I've actually been tempted to give Demon's Souls a try...I've had a long-standing "no JRPG" policy due to being bored to tears time and time again. Demon's Souls seems to be a moldbreaker, and I'm tempted to give it a shot...if I can pry myself away from Dragon Age for 5 minutes..
    • 1
      RaidenXS Dec 20, 09
      oh so close. the answer is Dragon Age
  • 0
    Aeirou Dec 21, 09
    I've played both Dragon Age and Demon's Souls. If you have one, get the other.. but if you have neither get Demon's Souls first.. it's much harder and the gameplay is so fun. Dragon Age is easy and you play is for it's AMAZING story.
  • 1
    ruledbysecrecy Dec 21, 09
    The JRPG is such a unique style of game, and it's so infrequent that we get a really polished one so I don't understand the complaints.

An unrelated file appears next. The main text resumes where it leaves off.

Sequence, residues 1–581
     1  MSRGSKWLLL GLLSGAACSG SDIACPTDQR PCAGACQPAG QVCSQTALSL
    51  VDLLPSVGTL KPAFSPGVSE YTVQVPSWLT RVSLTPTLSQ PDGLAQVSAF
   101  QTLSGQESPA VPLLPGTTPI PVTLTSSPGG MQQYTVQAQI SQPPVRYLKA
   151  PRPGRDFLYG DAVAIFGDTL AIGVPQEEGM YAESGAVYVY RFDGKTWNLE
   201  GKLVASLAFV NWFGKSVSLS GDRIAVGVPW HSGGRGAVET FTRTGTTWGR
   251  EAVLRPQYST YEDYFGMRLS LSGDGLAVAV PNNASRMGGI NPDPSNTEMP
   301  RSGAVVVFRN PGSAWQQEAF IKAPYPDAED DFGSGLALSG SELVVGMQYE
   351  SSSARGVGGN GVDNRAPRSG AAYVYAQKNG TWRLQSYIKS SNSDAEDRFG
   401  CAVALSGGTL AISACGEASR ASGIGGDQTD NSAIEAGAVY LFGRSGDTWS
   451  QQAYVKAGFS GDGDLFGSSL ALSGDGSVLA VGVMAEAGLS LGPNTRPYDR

We get the same old first person shooter every other month with a different facade and no one complains.

    Sure there are 13 Final Fantasy games, and yes, they are all very similar, but something they also have in common is their quality. You can find parallels between all the characters throughout all the games but I don't know about you guys but once I start playing Final Fantasy XIII I can guarantee you I'll be sucked into their world once again and it will feel uniquely it's own.

    It always happens, skeptical now, but come March 2010 you'll all be just as immersed as you were day 1 with any of those other Final Fantasy's. With that wonderful child-like curiosity and desire to go out and learn as much about this new world as possible.

    Also, when you strip down any storyline to it's bare components you end up with relatively the same thing. Good vs bad. Right vs wrong. Hero vs Villian. Etc. Those stories are classic, they are timeless. It's not about the uniqueness of the storytelling, it's about the artistry in the writing. Final Fantasy has always been that. Classical. By the book. I like that. I don't need them to change.